WRIGHT-PATTERSON AIR FORCE BASE, Ohio (AFRL) – The Air Force Research Laboratory will showcase several space-related technologies, new ways to connect with and share an idea or capability with AFRL, and the beginning of SpaceWERX, the U.S. Space Force affiliated arm of AFWERX during the 36th Space Symposium in Colorado Springs, Colorado, Aug. 23-26, 2021.
AFRL supports both the U.S. Air Force and U.S. Space Force with Airmen and Guardians, seamlessly working high priority research areas across the lab’s technology directorates to move research to meet operational needs even faster.
Some of the technologies to be highlighted by AFRL include development of two Department of the Air Force Vanguard programs with a space focus: Navigation Technology Satellite 3 (NTS-3) and Rocket Cargo.
NTS-3 demonstrates next generation positioning, navigation and timing technologies for a more flexible, robust, and resilient architecture for satellite navigation technology. It also allows AFRL scientists to test reprogrammable software-defined receivers that are able to rapidly respond to new conditions and ensure better security and flexibility.
Rocket Cargo aims to develop the capability to lease a commercial rocket to deliver 50-100 tons of DOD cargo anywhere on the planet in less than one hour and to prove that rocket-based terrestrial cargo transportation is viable, affordable and advantageous for agile global DOD logistics.
The Space Solar Power Incremental Demonstrations and Research Project (SSPIDR): Space Power Beaming, is a series of integrated demonstrations and technology maturation efforts that will address space-based power collection and transmission capabilities, and mature technology critical to building an operational solar power transmission system for providing reliable and logistically agile power for expeditionary forces.
Arachne, the keystone flight experiment in SSPIDR, aims to demonstrate the ability to collect, convert, and beam energy to the ground, collect solar energy using high-efficiency solar photovoltaic cells, then convert it to RF energy using the revolutionary sandwich tile, and beam it to a receiving station on the ground, and rectify and convert the RF energy into usable power for use by U.S. warfighters and end users.
Rocket-Factory-in-a-Box is a program to develop a mobile, containerized Solid Rocket Motor production capability by aggregating revolutionary design and component manufacturing techniques and enabling rapid SRM manufacture in a small footprint with the flexibility to tailor performance to specific missions.
SpaceWERX, the U.S. Space Force-affiliated arm of the AFWERX team, focuses on advancing innovative technologies for USSF Guardians and expanding the space industrial space by guiding additional partners, leveraging commercial investment and rapidly pursuing new technologies, while closely aligning its efforts with space operators and acquisition professionals within the USSF.
Innovators who would like to share ideas with AFRL, are encouraged to visit the Air Force and Space Force Tech Connect website, a portal where users can submit ideas and capabilities with AFRL subject matter experts for potential feedback, collaborations and opportunities. Learn more about this tool and discover other avenues for engaging with AFRL at the 36th National Space Symposium.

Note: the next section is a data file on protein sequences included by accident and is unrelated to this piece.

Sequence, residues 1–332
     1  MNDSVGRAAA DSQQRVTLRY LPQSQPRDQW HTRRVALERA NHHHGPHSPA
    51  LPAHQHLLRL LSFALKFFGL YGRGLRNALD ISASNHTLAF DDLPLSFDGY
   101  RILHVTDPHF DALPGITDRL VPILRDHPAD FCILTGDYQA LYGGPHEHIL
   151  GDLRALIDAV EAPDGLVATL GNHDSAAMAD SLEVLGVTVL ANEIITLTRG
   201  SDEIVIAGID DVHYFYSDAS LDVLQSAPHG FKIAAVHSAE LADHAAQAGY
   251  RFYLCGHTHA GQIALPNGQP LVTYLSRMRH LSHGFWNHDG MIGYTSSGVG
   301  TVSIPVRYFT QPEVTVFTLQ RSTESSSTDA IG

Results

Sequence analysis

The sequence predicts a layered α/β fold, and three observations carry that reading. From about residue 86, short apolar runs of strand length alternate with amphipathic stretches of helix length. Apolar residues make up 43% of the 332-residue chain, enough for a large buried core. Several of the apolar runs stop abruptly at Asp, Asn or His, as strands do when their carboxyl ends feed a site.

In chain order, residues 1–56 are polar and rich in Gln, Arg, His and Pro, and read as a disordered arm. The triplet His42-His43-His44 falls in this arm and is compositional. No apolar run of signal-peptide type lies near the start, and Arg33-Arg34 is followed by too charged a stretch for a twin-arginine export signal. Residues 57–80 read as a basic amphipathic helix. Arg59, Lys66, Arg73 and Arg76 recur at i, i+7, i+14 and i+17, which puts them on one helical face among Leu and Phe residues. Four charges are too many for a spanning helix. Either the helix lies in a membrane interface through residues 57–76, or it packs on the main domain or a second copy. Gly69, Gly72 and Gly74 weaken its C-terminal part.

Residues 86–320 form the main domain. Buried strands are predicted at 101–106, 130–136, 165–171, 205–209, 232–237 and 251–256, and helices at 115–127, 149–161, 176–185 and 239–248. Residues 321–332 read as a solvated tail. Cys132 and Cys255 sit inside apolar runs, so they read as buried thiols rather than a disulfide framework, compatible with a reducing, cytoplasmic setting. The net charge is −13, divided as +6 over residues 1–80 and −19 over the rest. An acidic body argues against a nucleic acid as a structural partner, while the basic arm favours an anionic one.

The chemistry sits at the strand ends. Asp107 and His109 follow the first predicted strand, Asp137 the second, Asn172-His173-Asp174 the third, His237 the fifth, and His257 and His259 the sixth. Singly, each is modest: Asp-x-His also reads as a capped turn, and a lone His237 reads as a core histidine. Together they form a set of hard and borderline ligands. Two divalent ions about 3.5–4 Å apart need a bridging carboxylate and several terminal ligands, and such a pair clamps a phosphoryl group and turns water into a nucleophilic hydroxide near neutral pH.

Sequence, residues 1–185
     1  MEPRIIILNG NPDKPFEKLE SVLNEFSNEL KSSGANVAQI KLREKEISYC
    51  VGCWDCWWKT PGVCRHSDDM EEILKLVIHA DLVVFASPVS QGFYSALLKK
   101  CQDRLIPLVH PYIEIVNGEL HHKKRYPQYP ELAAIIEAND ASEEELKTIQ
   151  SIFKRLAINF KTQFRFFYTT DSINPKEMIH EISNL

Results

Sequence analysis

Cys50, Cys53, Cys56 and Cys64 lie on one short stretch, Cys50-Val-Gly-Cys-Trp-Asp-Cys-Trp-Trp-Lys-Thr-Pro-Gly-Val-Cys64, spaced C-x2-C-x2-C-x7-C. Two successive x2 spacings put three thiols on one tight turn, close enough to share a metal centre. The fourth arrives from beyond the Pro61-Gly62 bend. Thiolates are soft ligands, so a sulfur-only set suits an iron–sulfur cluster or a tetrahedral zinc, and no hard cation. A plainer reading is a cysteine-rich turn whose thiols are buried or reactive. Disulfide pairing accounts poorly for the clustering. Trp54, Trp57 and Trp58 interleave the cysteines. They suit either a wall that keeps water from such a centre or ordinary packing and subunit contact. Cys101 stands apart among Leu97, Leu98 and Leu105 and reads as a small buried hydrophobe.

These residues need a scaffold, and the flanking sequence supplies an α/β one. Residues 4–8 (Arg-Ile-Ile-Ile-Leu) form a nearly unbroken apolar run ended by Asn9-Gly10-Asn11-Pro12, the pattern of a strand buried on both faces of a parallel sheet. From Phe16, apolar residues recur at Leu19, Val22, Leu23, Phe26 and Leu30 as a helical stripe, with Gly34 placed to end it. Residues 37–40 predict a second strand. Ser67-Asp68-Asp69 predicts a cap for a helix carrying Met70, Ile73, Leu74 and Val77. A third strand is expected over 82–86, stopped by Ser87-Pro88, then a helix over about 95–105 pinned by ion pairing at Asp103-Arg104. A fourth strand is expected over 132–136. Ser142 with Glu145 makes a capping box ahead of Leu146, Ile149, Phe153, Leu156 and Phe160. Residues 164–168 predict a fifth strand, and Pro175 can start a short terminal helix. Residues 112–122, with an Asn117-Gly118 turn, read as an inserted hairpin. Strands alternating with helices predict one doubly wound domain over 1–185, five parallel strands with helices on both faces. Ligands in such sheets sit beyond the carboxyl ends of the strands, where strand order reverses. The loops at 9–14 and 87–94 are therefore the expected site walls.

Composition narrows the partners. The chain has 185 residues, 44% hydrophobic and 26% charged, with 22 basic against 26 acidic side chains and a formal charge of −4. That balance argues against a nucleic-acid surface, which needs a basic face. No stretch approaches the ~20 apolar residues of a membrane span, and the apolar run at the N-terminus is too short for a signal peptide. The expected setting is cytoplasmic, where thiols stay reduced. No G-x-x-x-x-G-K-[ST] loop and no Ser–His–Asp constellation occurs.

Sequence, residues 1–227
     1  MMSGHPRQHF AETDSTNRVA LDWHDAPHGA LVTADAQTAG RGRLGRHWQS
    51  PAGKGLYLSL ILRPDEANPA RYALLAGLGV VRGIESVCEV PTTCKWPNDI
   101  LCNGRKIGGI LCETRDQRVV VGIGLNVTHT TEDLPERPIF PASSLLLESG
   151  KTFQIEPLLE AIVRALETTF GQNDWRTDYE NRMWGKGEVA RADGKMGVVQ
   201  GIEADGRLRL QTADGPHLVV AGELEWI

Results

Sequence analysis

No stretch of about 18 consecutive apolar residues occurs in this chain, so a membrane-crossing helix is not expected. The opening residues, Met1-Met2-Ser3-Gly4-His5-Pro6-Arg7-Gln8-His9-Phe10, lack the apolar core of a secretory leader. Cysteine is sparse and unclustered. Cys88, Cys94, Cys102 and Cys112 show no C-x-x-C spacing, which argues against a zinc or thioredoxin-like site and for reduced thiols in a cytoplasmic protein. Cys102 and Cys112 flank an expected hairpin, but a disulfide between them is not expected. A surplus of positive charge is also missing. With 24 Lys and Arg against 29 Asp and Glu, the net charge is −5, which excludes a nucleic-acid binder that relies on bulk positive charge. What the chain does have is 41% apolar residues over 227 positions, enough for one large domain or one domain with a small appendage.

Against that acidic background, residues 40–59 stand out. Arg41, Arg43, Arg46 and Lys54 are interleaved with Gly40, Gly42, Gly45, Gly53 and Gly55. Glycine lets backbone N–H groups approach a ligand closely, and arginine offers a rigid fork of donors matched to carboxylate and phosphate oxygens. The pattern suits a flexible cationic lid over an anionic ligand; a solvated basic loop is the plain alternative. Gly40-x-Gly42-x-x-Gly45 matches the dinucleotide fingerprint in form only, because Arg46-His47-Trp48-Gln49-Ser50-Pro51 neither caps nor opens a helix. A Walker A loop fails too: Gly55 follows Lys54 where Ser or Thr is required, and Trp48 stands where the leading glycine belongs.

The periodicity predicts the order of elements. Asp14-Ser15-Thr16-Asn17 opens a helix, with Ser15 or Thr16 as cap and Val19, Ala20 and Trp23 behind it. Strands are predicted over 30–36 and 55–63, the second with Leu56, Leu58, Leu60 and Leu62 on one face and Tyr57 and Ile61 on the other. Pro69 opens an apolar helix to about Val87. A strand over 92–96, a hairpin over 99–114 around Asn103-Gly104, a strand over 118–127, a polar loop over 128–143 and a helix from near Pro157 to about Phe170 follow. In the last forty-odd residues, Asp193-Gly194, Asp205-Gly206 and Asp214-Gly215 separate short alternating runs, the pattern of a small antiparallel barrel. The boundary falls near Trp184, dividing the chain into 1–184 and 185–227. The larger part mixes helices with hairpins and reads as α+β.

Maj. Gen. Heather Pringle, AFRL commander, is scheduled as a featured speaker on Aug. 26 and will deliver her presentation, “One AFRL, Two Services,” from 9:50 a.m. – 10:05 a.m.
“Our way of warfare depends on space superiority and AFRL has a long history of research and development in support of this domain,” said Pringle. “With the recent standup of the USSF, along with the emergence of U.S. Space Command and new energy in the commercial space sector, we have exciting opportunities to modernize the way we lead and manage science and technology.”
“Having one science and technology research laboratory for our nation’s aerospace forces allows AFRL to fully implement the Air Force Science & Technology Strategy on behalf of the entire Department of the Air Force, which aims to build a force capable of dominating across time, space, and complexity in all domains to ensure we continue to have the advantage in future conflicts,” said Timothy Sakulich, AFRL executive director.
“Space as a warfighting domain is not a passing phase – it is a lasting reality,” said Dr. Kelly Hammett, AFRL’s deputy technology executive officer for Space. “The USSF is mission focused and dedicated to further accelerating U.S. space capabilities to enhance our lethality and readiness, and to ensure our nation is prepared to fight and win in a war that starts in, or extends to, space,” Hammett said.
For more information about the 36th Space Symposium, please visit www.spacesymposium.org.
NOTE FOR MEDIA: Please contact Bryan Ripple, AFRL’s Media Operations team lead, at email@example.com to request an interview opportunity to discuss these technology exhibits, and learn more about these efforts.
The Air Force Research Laboratory (AFRL) is the primary scientific research and development center for the Department of the Air Force. AFRL plays an integral role in leading the discovery, development and integration of affordable warfighting technologies for our air, space and cyberspace force. With a workforce of more than 11,000 across nine technology areas and 40 other operations across the globe, AFRL provides a diverse portfolio of science and technology ranging from fundamental to advanced research and technology development. For more information, visit: www.afresearchlab.com.